Cheshire officers using new tool to combat caravan and motorhome thefts
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Cheshire Constabulary is using a new tool to aid the force’s fight against caravan and motorhome thieves.
The VIN CHIP anti-theft identification system enables officers to scan a touring caravan or motorhome from up to 15 metres away to see if it has been reported as stolen and find out who the registered owner is.
They can be scanned at speeds of up to 60mph.
Cheshire’s Roads and Crime Unit officers are now using the system, and owners of touring caravans and motorhomes across the county are being advised to ensure that they have a VIN CHIP fitted and are registered with the Caravan Registration and Identification Scheme (CRiS).
Inspector Anton Sullivan, of the Roads and Crime Unit, said: “Due to supply and demand, the number of caravan and motorhome theft incidents tend to rise in the summer months.
“This year the demand for them is even greater than normal, with travel restrictions imposed due to the coronavirus pandemic making staycations, mobile homes and caravan holidays more popular than ever.
“So we could not have asked for a better time to add the VIN CHIP scanning system to our armoury for when we are out on patrol and monitoring our roads.
“Used by many other police forces in the UK, ports officers and also in mainland Europe and Scandinavia, it has substantially increased the number of stolen caravans and motorhomes that have been recovered and returned to their rightful owner.”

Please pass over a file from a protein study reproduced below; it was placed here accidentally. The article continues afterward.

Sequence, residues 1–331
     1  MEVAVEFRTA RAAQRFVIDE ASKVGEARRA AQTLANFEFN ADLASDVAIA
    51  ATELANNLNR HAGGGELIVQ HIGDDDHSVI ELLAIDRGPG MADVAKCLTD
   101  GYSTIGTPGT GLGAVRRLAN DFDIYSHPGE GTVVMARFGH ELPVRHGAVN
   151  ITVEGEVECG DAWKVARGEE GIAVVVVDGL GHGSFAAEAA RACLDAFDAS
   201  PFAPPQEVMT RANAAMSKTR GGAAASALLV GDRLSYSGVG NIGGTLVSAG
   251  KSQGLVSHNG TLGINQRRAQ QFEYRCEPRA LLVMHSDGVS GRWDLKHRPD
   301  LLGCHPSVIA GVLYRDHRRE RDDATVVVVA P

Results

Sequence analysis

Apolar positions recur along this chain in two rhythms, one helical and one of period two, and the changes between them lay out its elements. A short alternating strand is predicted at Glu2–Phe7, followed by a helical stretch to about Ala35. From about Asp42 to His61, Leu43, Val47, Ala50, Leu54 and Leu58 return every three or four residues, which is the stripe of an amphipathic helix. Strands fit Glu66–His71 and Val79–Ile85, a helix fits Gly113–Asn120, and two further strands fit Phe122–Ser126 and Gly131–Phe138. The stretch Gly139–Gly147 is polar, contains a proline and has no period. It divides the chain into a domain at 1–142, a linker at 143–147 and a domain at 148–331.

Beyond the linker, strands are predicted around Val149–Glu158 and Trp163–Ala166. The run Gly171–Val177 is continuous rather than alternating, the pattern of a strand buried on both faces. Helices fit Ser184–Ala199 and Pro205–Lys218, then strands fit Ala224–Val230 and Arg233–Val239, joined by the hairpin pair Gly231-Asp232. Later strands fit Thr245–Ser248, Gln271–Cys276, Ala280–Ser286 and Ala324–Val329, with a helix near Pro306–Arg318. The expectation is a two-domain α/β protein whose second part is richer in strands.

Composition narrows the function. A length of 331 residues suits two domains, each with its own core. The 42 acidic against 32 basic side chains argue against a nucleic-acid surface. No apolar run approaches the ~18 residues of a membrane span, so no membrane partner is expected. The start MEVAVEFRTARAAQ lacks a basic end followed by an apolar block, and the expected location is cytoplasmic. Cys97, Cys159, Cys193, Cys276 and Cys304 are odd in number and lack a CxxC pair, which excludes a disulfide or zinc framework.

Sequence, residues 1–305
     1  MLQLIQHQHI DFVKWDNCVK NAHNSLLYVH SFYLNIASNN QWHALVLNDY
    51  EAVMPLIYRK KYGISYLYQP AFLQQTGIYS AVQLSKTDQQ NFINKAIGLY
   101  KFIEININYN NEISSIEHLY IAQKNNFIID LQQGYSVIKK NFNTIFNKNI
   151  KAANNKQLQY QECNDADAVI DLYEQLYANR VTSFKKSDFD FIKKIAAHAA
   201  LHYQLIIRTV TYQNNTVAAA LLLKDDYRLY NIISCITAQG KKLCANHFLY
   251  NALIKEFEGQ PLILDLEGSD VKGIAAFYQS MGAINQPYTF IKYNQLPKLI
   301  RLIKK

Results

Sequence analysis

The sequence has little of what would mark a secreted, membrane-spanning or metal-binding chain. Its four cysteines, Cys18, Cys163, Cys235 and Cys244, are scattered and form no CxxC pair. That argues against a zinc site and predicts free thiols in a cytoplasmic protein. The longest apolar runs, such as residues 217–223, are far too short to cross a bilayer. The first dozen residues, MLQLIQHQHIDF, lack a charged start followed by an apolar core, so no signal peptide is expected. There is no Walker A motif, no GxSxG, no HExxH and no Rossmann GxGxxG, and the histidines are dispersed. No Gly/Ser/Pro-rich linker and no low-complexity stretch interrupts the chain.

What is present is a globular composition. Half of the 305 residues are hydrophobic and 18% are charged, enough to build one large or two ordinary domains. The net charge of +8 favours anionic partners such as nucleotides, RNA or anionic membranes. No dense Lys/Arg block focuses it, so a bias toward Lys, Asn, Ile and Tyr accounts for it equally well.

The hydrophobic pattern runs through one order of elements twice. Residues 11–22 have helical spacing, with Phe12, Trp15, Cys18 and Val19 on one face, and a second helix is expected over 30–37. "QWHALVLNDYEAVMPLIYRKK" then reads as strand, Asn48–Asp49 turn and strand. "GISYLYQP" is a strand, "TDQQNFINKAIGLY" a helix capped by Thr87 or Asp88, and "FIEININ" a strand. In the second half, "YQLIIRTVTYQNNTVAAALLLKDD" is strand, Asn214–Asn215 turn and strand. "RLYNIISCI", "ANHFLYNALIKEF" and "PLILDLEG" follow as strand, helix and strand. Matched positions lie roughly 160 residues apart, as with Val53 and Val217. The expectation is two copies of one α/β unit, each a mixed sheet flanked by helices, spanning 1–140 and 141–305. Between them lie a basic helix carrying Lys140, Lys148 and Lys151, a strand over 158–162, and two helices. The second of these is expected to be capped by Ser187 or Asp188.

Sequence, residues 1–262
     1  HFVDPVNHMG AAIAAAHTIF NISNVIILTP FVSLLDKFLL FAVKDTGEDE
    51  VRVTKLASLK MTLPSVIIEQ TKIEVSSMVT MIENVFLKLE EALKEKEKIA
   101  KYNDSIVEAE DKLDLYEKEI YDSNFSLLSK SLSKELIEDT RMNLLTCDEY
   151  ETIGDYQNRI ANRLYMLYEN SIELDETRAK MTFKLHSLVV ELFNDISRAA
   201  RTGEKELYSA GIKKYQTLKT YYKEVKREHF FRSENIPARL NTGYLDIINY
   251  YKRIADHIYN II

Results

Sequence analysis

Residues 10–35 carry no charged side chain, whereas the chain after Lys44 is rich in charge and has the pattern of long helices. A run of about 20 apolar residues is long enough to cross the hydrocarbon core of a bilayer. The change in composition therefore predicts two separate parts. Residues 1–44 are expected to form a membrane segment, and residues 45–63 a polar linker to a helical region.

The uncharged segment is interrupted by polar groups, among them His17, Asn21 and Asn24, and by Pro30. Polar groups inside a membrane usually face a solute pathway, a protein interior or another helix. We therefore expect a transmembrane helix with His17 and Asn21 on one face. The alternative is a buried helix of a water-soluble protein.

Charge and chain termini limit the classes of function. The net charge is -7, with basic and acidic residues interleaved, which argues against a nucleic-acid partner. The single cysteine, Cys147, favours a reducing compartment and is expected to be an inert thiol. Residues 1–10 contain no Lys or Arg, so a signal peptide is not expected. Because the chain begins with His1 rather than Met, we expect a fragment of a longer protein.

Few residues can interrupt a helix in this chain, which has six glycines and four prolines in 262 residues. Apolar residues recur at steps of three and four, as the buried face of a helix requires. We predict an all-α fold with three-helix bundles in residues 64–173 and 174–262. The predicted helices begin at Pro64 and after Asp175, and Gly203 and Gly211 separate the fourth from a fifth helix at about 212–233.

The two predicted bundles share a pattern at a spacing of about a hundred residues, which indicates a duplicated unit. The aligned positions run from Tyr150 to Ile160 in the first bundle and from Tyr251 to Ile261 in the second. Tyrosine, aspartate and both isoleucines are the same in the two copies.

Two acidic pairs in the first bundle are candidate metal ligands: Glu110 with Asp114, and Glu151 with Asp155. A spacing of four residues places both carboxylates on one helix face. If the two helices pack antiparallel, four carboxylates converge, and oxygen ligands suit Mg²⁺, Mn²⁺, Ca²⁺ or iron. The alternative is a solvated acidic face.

Since 2008 a radio frequency chip containing a unique vehicle identification number (VIN) number has been embedded into all UK-approved touring caravans when they have been made.
Owners of older caravans can have one fitted at a relatively small cost, and owners of caravans made between 2008 and 2016 can pay to have their chip upgraded so that it works as well as the newer ones. This may have an insurance benefit with some companies.
Motorhome owners can also pay to have a VIN CHIP fitted, and some manufacturers are now embedding them into all their new motorhomes.
Insp Sullivan added: “Working like a speed gun, a VIN CHIP scanner enables an officer to quickly see if a caravan or motorhome on the move has been reported as stolen, and who the registered owner is.
“Once a caravan or motorhome has been identified as stolen we will endeavour to bring the thief, or thieves, to justice, and have it returned to its owner.
“Our officers are now using the system to this end across Cheshire.
“However, the system will not work for touring caravan or motorhome theft victims unless they have a VIN CHIP fitted.
“Touring caravan and motorhome owners are advised to have a VIN Chip fitted and to have the vehicle registered with CRiS to help their mobile home be located in the event of it being stolen.”
Cheshire Constabulary’s other security advice for caravan and motorhome owners is:
- Ensure that they are kept secure at all times, with all doors, windows and roof windows closed and locked